2. Sleep, but not for the sake of it — I can’t not create a headline for this any simpler than just, Sleep. Having said that, we all have our own unique way of getting rest and regenerate our bodies. In my case, if I sleep between 6–7 hours per day, I’m good for the rest of the day. However, this metric tells me nothing about my sleep and regeneration process. You know the only time your brain is able to detox from all the biological waste in your head is through sleep? So I needed to know more about my sleep. Solution: @Jawbone UP24 wearable. This amazing piece of hardware is able to measure my levels of REM, light and deep sleep. In a nutshell, light sleep means nothing to your brain, deep sleep is more relevant to your body and REM is the key to your brain. REM sleep is the sleep level that allows you to dump data from the short-term to long-term and regenerate neurons and connect new paths. It is amazing how simple things like hydrating throughout the day can help with that, or what to eat and not to eat a few hours before going to sleep. Even if you had a huge steak for dinner, you know what is going to happen (close to zero REM sleep). but you can change your sleep patterns and next day activities to compensate. That is the fundamental difference between going to sleep for good and not for the sake of it. Bonus: Short naps a really helpful to increase your REM sleep (25–30 minutes).
  3. Go with your gut, get the book now and read it later — If I walked near an Indigo Store (Canada), a Barnes & Noble (US), or Amazon (Internet), my adrenaline starts pumping and I start scanning for all the books that my gut is telling me to get. I’m not suggesting to buy them all, but don’t forget about them. If you have the feeling that a book or an article will help you, keep it handy. My technique for this is to leverage the Amazon/iBooks Sample feature like an animal. Any book that appeals to me, I request a sample and keep it there. Some times they stay there for a long time and hit the bottom of the list and I will never see it again (I setup my eBook readers to order books and samples by last used) and you can delete them. But there is always a book that you will hear about in many different places and get many different signals from all over the place. That is my gut signal to buy it. Sometimes I buy them right away. The key point is to have a repository of the books that you are interested. There are other tools like Shellfari (Bought by Amazon), GoodReads, etc. I also recommended to check your public libraries. Here in Toronto, Canada, our public library system is fenomenal! I have access to Overdrive books, Digital Magazines, O’reilly Safari online books, and recently Lynda training courses. They are easy to access and they are “free” (you actually pay for this via your taxes but it is there for you). Leverage it.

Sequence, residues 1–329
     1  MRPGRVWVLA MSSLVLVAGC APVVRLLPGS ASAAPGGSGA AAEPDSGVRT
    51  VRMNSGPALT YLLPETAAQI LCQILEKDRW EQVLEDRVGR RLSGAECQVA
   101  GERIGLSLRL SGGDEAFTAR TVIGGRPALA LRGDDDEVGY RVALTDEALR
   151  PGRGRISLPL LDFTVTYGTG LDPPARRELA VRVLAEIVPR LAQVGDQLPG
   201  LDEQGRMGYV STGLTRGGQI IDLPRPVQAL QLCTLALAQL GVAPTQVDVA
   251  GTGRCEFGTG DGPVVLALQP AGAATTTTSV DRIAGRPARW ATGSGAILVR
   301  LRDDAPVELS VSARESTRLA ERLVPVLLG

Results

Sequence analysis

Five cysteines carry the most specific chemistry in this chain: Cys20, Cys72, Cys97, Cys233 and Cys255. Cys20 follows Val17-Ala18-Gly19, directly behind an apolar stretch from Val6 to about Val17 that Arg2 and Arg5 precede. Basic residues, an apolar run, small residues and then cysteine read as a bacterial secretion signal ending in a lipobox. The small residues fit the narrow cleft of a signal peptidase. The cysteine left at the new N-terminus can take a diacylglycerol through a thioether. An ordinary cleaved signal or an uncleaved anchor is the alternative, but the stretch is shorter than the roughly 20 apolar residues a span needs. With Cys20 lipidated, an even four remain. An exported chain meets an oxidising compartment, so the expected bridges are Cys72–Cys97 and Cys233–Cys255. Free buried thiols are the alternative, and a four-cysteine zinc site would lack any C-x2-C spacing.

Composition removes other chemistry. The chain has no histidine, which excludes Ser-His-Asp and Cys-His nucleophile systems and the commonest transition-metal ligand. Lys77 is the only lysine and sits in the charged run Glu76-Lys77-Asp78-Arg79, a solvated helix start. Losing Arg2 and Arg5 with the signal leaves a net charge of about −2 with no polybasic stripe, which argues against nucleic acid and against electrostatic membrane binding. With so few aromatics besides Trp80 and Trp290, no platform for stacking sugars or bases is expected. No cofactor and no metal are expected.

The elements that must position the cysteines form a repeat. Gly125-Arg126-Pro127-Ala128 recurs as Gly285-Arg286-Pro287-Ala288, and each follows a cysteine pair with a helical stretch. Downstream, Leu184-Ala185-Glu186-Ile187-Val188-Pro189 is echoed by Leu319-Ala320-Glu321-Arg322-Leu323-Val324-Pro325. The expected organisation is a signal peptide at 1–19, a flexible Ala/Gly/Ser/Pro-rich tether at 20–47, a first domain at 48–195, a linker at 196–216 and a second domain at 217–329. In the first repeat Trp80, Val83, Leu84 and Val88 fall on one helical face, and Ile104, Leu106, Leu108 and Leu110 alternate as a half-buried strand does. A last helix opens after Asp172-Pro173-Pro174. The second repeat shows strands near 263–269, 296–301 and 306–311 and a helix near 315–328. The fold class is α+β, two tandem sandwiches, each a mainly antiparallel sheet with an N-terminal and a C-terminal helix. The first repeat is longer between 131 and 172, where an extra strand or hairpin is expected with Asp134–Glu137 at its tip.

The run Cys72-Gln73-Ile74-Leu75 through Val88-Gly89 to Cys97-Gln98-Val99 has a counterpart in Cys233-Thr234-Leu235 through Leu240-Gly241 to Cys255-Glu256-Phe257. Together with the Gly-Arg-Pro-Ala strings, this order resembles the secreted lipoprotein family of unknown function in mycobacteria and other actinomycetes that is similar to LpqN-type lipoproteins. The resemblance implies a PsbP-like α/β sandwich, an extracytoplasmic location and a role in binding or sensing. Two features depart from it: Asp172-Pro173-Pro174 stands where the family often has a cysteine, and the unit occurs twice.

One Last Thought…

Book Summaries — People ask me what are my thoughts about book summaries. My answer is very plain and simple:

A summary will never communicate the essence of the book and/or the author’s main message

Call me a purist, but I feel the same way about trailer movies or magazine covers. You learn enough but not all of it.

Book summaries can help you get away from conversations where you are the only person in the conversation who haven’t read the book and you are concern that people might think of you as an illiterate or ignorant. Personally, I don’t care about that. In fact, I use it as a conversation starter to nurture my network. If I haven't ready the book, ask for reviews and points of view. Book summaries can also be helpful regarding my previous tip about “Context for Content” gathering more information about the book and the author.

So, here you have them. I hope this really adds value to your Reading Self in some way or the other. If you have any other tip or technique, please feel free to include it in the content.